The time would appear to be ripe for further government by the people. In spite of being a representative democracy the UK members of parliament have decided to honour the result of the EU referendum whatever their own positions on the desirability of Brexit; this even though the referendum was advisory.
While Westminster is in the mood to meekly accept the result of any referendum how about some more…
one to ban drinking on Sunday
one banning Fox Hunting
another to abolish the House of Lords
another to bring back the death penalty
even one to turn the UK into a republic so we can have a Trump like president of our own.
I have not written my blog since the referendum. I was so appalled by the result, so near and yet so far but more especially about how much of what I feared has since come true. So many No voters were plainly taken in by the propaganda of the Better Together campaign. Much has been written so I am not going to repeat it.
What the Smith Commission has come up with is a poisoned chalice as I suggested in August. Even Gordon Brown agrees with me. As Iain MacWhirter says “The cost of financing Scotland’s ageing population is being repatriated while.. means of growing the economy are reserved.’” This says it all in a nutshell. You just have to read tax expert Richard Murphy here to get the real story.
And I am also still worried about the NHS. The No campaign repeatedly and falsely claimed that it was safe. TTIP will make it completely vulnerable.
We should realise that Osborne’s Austerity is more than just a hopeful plan to re-balance the economy. Milton Friedman is, years after his death, an icon for the far right neolib / neocon economists and politicians. Naomi Kemp in her book “Shock Doctrine” draws attention to their deliberate opportunism in taking advantage of catastrophes to further their idea of minimal state intervention, preferably none at all, in the running of an economy. Osborne and his friends see our present financial situation as an ideal time to drive down the public services. It is a measure of his ineffectualness that more has not been sold off already. But given the chance in May 2015 they will continue to privatise all parts of the public services which can be turned into a source of private profit.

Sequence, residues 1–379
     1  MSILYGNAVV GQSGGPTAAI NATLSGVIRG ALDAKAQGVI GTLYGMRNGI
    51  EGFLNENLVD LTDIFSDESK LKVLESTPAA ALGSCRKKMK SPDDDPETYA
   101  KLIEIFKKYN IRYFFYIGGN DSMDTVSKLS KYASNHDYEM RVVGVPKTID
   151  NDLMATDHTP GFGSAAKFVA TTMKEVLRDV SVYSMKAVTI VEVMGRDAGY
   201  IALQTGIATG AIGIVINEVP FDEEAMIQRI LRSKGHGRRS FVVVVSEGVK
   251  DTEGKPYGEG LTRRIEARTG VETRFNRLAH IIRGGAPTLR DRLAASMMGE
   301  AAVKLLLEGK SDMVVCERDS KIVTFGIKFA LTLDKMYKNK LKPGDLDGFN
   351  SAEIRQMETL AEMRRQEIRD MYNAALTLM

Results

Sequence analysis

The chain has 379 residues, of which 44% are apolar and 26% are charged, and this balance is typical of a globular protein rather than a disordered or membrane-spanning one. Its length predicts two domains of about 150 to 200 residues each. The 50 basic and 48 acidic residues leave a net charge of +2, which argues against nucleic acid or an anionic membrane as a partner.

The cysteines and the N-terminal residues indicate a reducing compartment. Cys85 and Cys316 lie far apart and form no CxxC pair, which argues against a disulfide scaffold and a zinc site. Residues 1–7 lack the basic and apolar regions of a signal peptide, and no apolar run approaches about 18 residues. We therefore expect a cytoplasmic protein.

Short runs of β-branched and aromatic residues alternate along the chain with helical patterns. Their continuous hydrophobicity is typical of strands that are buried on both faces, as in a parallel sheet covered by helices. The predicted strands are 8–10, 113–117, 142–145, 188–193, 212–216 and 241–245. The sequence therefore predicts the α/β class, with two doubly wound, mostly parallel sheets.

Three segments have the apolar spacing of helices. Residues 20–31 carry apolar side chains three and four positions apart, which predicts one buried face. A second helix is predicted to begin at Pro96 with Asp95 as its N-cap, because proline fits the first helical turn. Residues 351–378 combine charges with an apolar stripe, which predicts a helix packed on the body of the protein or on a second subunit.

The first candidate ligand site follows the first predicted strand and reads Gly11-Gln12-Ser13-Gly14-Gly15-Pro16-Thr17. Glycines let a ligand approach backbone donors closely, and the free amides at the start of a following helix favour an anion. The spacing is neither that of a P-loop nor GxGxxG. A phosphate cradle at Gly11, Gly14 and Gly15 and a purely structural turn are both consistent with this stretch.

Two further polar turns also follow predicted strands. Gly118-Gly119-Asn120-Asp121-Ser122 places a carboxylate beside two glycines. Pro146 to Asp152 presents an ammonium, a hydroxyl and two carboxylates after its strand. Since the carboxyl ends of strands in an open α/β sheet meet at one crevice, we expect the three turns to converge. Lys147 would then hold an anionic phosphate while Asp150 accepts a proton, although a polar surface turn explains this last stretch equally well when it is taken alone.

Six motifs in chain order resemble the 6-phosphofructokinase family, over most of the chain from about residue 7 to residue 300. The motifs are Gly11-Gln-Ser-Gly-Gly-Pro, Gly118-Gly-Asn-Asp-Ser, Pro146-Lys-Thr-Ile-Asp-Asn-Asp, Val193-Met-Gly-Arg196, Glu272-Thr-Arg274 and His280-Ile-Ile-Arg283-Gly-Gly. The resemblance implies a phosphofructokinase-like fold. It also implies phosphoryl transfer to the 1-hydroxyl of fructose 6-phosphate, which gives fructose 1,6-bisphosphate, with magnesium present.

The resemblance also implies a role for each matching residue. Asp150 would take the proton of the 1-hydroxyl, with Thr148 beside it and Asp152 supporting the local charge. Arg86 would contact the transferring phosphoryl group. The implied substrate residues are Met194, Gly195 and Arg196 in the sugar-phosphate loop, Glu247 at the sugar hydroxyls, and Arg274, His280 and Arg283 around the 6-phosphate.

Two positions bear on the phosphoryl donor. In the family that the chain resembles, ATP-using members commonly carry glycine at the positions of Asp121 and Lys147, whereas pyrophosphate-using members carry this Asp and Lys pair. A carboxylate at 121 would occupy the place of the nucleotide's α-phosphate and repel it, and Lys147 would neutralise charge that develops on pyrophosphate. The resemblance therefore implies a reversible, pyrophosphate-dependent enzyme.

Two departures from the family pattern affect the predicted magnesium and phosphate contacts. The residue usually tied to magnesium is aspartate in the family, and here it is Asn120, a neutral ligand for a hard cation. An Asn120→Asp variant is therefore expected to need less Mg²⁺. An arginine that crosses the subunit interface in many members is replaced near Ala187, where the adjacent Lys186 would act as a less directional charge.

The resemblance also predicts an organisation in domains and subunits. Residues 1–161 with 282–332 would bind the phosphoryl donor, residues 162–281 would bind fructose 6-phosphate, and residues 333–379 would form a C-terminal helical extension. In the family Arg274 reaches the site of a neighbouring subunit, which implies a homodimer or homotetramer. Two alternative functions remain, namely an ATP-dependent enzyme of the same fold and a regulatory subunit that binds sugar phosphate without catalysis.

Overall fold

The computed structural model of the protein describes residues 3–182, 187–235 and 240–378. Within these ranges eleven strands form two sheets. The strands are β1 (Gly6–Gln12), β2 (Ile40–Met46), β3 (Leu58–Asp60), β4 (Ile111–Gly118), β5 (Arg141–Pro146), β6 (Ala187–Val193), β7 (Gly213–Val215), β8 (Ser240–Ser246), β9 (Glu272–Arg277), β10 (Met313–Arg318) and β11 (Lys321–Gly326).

In marketing and selling terms it is never a good idea to merely knock your competitors product. The same must be true of political campaigns. The No campaign in the Scottish Referendum Debate has largely tried to tear apart the SNP campaign statements without suggesting better alternatives.
The Guide to an Independent Scotland “Scotland’s Future” out this week sets out in detail what the SNP would do in the light of a Yes vote. However much of it could be achieved without full independence as it is about changes within Scotland. In fact some of it might be possible without any constitutional changes.
I would like to see the No campaign not just knock “Scotland’s Future” but suggest ways in which much of it could be achieved with some extra devolved powers. If the Westminster government were to commit to a package of measures under so-called “Devo Max” to be enacted post the September 2014 vote, this would strengthen their argument enormously. Definite commitments would cut through the miasma of speculation and counter speculation that has characterised the debate so far.